One of the things I love the most about the Montessori system is that the education is not limited to the academics only. It goes beyond this, educating the child in all aspects of life so that he can turn into a good citizen. “Grace and Courtesy”, which is taught from a very young age, is as important as the academic areas. For those who are not familiar with the term “grace and courtesy” it involves lessons that help the child gain control, concentration and conscience about the environment that surrounds him and how he/she should interact with those around him.
Within the lessons of “Grace and Courtesy” one could find several that involve proper manners and rules of etiquette. On many occasions we go to different places and surprise ourselves with the way that children are acting. With Christmas around the corner, and example of this could be when someone gives a child a gift, the child opens it and makes a face as if saying “but I do not like this”. Suddenly the parent is reacting and saying: “Aren’t you going to say thank you?” I am sure this comment could make any child pretty uncomfortable. If we show the children how to act under certain circumstances (as when someone gives them a present that they do not like) I am sure this will save us many headaches; and we will feel very proud of our children’s good manners.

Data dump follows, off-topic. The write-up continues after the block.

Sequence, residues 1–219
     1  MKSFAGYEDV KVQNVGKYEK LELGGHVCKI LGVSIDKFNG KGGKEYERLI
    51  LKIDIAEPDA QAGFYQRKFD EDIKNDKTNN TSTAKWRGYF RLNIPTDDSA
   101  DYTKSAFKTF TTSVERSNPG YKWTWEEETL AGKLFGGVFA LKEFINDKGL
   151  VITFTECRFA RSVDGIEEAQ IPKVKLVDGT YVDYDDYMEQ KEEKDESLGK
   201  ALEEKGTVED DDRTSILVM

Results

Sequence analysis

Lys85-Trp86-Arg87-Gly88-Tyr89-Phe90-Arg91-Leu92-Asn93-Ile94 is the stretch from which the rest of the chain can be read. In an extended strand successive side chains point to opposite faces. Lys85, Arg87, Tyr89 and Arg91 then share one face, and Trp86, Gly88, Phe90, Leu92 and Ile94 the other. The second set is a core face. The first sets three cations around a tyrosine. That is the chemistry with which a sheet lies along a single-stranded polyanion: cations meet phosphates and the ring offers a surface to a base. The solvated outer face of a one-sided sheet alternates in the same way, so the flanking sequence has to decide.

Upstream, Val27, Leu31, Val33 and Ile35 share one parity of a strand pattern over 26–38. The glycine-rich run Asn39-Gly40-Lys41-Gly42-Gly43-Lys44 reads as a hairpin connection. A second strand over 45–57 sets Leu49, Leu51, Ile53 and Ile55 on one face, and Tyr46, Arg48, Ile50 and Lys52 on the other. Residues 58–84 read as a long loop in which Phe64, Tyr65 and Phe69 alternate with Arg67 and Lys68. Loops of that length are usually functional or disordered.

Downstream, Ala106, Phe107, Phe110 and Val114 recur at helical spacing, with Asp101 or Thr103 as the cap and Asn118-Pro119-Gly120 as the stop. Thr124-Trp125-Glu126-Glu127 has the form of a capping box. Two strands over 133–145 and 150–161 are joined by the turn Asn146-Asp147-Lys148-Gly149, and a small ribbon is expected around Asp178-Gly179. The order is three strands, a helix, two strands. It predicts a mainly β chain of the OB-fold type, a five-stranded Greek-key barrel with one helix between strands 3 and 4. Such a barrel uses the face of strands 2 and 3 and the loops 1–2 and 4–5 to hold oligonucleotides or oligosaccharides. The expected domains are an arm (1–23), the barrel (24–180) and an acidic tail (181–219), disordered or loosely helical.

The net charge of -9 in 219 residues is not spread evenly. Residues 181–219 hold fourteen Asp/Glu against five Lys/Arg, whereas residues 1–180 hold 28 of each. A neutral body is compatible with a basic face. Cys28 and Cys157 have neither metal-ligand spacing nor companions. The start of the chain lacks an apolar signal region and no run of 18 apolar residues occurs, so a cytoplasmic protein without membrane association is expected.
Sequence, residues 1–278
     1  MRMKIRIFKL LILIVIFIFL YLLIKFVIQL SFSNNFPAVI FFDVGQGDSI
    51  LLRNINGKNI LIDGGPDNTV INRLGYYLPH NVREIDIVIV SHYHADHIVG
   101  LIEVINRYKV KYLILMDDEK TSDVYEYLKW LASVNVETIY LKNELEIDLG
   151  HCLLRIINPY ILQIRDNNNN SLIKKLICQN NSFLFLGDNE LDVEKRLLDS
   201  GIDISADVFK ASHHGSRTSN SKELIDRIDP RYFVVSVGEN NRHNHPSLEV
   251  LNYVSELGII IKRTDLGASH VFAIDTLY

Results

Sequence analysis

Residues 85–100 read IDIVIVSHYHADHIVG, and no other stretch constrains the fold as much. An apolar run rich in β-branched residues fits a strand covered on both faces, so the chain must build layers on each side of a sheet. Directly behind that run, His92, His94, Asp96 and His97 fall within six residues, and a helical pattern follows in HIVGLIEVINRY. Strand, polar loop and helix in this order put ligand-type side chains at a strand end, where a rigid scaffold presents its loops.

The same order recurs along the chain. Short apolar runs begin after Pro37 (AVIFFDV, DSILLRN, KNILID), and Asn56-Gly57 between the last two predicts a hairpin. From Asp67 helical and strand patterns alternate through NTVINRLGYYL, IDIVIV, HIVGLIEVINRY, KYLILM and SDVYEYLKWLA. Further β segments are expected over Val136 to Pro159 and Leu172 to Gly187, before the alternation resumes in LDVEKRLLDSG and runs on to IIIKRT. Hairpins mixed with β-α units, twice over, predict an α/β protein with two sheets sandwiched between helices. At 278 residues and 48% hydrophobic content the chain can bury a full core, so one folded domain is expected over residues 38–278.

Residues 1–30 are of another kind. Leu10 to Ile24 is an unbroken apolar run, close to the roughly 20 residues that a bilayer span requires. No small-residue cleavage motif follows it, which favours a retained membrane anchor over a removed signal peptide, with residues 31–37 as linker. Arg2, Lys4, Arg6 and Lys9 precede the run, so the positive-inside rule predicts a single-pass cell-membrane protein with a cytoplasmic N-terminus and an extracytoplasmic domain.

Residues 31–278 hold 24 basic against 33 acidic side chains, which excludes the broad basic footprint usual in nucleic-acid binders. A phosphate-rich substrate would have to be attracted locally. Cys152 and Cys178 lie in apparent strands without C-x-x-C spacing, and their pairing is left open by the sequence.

Not long ago I had the opportunity of Reading a great book in regards to this topic. “Montessori at Home or at school-How to teach Grace and Courtesy” by Deb Chitwood. Deb is a Montessori teacher, who has worked in both, school and home-school setting. She shares great ideas on how to integrate “grace and courtesy” into a child’s education. Her book can be purchase through Amazon. It is an E-book, which offers the reader different alternatives on how to read it(Tablet, computer or even telephone).
This book has several chapters about courtesy and etiquette. One of the things that I loved about the book is that the author took into consideration the different stages of development that a child experiences. She also suggests that it is advisable to modify the lessons according to a region and the culture where one lives.
The second part of the book is written for an older child to be able to read and understand. The information is simple, since the explanations and short and precise (even for someone whose first language is not English). This book could be a great resource for parents, Montessori teachers or teacher in general. In her book, Deb offers different rules and ideas on how to teach proper etiquette, always taking into consideration the age or stage of development a child is experiencing at the time of the lesson. I would highly recommend it!